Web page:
Monday, August 25, 2014

Stopping Time at The Syquia Mansion

Down the road along historic Calle Crisologo is a beautifully preserved ancestral home, lovingly maintained and a picture perfect example of elegance from a bygone era. Complete your unique Vigan experience with a visit to the Syquia Mansion, just further down Calle Crisologo (for more on historic Calle Crisologo and its famed cobblestone street, check out my previous post with more photos here at http://soloexpeditions.blogspot.com/2014/08/a-walk-back-in-time-at-calle-crisologo.html).


The ancestral home of Dona Alicia Quirino, wife of the Philippines' sixth president, Elpidio Quirino, the Syquia Mansion is one of Vigan's historical attractions along the heritage district. The Spanish colonial style of sturdy stone walls with large arched wooden gates and the wide wooden framed windows with native capiz shells freezes that moment, and you're suddenly transported back in time. 


The formal dining room, with the distinct hand-pulled punkah cloth fans to provide a gentle breeze, its polished native hardwood floors, the ornate wooden chairs with the distinct rattan weave, and elegant long wooden table are preserved just the way it was when the late president Elpidio Quirino would meet with his cabinet in this very room. Some say this may be the first true Malacanan of the North.


Though you are not allowed to sit or touch the furniture, one can still appreciate the fine furniture throughout the mansion. Filled with early European furniture and art, each piece has survived and witnessed the height and end of Spanish colonial rule, the coming of the Americans, the invasion of the Japanese in World War II, and the political turbulence of a young democratic republic in the fifties and sixties.


The Master Bedroom, with it's elegant four poster wooden frame with intricate carvings, still retain a warmth and rustic simplicity.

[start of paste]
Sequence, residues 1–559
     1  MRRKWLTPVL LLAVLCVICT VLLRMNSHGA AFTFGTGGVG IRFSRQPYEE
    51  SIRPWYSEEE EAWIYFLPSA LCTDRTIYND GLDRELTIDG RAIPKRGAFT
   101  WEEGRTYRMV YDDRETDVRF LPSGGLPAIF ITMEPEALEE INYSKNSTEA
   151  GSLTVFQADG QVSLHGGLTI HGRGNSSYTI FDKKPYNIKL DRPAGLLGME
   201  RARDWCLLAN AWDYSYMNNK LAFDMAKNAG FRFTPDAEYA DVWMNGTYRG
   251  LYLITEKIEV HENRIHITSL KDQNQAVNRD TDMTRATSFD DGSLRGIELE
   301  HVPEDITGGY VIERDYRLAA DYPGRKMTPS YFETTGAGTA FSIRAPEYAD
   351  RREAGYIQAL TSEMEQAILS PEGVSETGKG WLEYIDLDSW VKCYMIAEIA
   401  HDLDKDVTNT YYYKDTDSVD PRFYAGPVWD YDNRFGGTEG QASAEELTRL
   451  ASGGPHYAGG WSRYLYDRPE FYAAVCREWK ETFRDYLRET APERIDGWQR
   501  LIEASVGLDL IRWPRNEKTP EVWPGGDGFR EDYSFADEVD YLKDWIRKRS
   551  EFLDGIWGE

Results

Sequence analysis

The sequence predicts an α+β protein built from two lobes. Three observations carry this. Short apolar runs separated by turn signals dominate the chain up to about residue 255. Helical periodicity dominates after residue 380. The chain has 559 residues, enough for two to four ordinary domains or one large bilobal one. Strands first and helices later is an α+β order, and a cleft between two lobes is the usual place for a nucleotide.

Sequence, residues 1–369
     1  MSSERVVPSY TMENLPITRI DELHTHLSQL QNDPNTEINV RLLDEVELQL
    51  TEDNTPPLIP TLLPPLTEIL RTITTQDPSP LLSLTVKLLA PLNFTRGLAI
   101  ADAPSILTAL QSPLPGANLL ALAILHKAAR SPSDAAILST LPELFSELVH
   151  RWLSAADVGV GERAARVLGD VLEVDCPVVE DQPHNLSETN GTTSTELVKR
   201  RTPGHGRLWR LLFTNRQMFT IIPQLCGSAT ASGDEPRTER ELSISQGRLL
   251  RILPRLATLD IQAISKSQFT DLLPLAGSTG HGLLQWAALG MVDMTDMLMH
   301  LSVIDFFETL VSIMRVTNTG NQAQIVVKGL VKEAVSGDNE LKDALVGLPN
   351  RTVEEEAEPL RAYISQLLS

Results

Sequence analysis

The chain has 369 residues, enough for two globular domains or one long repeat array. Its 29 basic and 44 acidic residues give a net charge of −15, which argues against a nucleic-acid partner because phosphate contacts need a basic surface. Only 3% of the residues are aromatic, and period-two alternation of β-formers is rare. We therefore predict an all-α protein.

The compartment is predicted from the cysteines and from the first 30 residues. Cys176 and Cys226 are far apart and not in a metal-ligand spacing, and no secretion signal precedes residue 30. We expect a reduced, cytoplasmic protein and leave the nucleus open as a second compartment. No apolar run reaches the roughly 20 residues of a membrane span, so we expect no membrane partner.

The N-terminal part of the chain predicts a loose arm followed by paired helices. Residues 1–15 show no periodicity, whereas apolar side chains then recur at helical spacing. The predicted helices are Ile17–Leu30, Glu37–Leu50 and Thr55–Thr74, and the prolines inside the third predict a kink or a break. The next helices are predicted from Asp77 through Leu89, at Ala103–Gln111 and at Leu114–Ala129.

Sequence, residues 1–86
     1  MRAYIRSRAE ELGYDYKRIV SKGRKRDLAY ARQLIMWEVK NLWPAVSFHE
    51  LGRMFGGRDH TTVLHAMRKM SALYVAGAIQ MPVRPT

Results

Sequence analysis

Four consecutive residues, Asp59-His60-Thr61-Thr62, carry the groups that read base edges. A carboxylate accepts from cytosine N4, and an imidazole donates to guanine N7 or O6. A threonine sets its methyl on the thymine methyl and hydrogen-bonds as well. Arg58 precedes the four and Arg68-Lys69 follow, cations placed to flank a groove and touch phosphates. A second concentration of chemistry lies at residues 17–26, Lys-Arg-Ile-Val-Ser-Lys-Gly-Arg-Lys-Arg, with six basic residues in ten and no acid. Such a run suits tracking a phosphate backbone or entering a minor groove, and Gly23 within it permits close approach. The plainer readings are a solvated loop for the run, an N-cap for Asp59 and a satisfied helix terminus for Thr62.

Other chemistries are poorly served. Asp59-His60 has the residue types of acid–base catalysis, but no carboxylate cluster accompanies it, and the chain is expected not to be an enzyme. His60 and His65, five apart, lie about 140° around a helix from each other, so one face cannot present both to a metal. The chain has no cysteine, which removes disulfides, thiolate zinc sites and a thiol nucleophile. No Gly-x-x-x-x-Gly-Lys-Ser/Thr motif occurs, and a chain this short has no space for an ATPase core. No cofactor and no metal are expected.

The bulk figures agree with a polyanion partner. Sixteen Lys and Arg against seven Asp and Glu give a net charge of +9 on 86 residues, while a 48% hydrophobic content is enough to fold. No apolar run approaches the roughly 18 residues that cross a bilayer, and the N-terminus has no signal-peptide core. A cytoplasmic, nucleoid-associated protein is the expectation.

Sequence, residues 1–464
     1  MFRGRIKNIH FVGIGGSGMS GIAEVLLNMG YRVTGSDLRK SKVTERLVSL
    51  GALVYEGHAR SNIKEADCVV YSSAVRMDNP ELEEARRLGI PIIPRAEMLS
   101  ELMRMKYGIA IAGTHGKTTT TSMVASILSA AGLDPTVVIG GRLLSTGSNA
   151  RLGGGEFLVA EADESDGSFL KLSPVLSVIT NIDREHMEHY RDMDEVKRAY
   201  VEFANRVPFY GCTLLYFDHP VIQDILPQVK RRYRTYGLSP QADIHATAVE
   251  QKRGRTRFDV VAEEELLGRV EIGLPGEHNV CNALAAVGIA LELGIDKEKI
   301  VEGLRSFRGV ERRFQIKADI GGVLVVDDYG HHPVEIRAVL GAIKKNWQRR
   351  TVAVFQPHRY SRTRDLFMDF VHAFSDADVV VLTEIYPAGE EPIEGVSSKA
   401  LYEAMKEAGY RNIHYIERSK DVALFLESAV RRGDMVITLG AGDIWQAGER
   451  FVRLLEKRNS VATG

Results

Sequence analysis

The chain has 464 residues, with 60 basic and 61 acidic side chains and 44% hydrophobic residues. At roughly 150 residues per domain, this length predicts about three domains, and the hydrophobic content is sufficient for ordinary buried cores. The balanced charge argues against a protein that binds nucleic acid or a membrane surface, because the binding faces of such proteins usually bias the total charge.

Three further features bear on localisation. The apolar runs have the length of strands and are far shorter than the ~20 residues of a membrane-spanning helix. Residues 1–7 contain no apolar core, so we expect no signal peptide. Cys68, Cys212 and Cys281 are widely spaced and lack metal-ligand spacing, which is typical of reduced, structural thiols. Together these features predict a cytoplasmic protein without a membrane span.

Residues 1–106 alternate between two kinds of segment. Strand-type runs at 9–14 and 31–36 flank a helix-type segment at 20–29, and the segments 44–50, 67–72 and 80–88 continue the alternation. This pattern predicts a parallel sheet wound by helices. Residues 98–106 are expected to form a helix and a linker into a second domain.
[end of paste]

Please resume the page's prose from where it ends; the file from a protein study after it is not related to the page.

The narrow passageways around the stately home provide a unique glimpse at 18th century life, when class lines were clearly delineated. The servants followed a structured hierarchy, with only a select few allowed inside the main areas of the house, and the rest of the servants forbidden to enter, with access only through the narrow, hidden passages.


The early morning light filters through the many wide wood and capiz windows shedding more detail on the stately mansion. the Syquia mansion is only a short five minute walk from Hotel Luna, definitely the place to stay while in Vigan (for more on Hotel Luna, check out my previous post here at http://soloexpeditions.blogspot.com/2014/08/history-and-art-vigans-elegant-hotel.html).


The solid stone surface on the ground floor, built from excess ballast used extensively by ships plying the Manila-Acapulco Galleon Trade route, is another link with the past. The Syquia Mansion is another experience to add to your Vigan visit, like one more snapshot of the past, frozen in time.

The Syquia Mansion is located down Calle Crisologo toward the Kingdom Hall of Jehovah's Witnesses at the corner of Quirino Boulevard, a short walk from the main historic district. There is a minimal entrance fee of P 30 per adult as a donation for the maintenance and upkeep of the mansion. The Syquia Mansion opens at 9:30am for visitors. 

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